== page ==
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Continuing Resolution Includes $25 Billion in Automakers Loans

October 8, 2008

President Bush signed a continuing resolution bill on September 30 that keeps the federal government operating through March 6, 2009, but also includes funds for automaker loans that will encourage the development of plug-in hybrids and other advanced technology vehicles. H.R. 2638—the "Consolidated Security, Disaster Assistance, and Continuing Appropriations Act, 2009"—includes as part of its continuing resolution an appropriation of $7.51 billion for DOE to support up to $25 billion in direct loans to automakers and auto part suppliers. The amount includes $10 million for DOE to administer the loans, which were authorized by the Energy Independence and Security Act of 2007, H.R. 6. That energy act designated loans to support the manufacture of advanced light-duty vehicles (cars and light trucks) that meet strict emissions limits and exceed the average fuel economy of current model year vehicles by at least 25%. The energy act gives priority to the revamping of old manufacturing facilities, including those that are currently sitting idle. The new act requires DOE to promulgate an interim final rule for the loan program within 60 days. See the White House press release, Section 129 of Division A of H.R. 2638, and Section 136 of H.R. 6.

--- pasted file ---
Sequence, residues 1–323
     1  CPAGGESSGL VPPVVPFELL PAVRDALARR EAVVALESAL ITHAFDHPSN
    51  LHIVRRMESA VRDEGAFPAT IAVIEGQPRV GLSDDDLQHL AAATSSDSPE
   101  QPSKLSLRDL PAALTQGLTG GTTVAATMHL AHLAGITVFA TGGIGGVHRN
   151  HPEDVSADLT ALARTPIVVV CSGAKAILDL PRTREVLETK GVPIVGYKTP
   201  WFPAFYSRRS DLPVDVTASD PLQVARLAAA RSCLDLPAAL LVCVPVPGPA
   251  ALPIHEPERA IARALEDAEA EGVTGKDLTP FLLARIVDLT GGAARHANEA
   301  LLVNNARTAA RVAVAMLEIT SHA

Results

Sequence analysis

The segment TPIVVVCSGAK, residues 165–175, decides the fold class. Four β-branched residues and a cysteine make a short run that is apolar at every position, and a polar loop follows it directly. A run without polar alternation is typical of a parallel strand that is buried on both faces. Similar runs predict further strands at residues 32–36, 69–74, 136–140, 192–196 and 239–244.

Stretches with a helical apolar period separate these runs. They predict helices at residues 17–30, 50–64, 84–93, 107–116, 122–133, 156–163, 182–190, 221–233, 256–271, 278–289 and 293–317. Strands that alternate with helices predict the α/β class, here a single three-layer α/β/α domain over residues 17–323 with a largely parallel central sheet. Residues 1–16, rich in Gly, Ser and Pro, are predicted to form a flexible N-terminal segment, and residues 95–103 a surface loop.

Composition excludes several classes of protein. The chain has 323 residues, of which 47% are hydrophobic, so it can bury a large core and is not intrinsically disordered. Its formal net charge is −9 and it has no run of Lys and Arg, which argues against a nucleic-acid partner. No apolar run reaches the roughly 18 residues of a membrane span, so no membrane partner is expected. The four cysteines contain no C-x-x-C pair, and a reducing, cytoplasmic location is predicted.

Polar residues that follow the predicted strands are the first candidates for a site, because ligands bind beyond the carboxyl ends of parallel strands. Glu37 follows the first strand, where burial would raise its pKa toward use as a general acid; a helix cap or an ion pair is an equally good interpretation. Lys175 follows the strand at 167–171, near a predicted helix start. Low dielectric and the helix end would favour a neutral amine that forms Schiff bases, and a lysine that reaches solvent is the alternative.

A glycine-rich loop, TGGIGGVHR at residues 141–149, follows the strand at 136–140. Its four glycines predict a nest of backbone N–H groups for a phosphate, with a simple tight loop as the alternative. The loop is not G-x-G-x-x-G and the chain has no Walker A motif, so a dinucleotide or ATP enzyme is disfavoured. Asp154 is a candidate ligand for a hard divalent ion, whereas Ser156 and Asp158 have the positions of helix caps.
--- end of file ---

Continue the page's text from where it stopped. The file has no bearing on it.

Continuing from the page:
In addition to the automotive loans, Section 130 of the continuing resolution provides a $250 million budget boost to the DOE Office of Energy Efficiency and Renewable Energy (EERE), providing additional funds for the Weatherization Assistance Program, which offers energy efficiency services for the homes of low-income families. Other than that, funding for EERE will remain at fiscal year 2008 levels while the continuing resolution is in effect. However, as part of special funds for fire management at the U.S. Forest Service, Chapter 6 of the new act provides $175 million for hazardous fuels reduction, an effort that generates low-value wood waste that it useful for biomass energy production. The act specifies that $125 million of that amount should go toward fuels reduction and hazard mitigation activities on state and private lands. See Section 130 of Division A of H.R. 2638, as well as Chapter 6 of the act.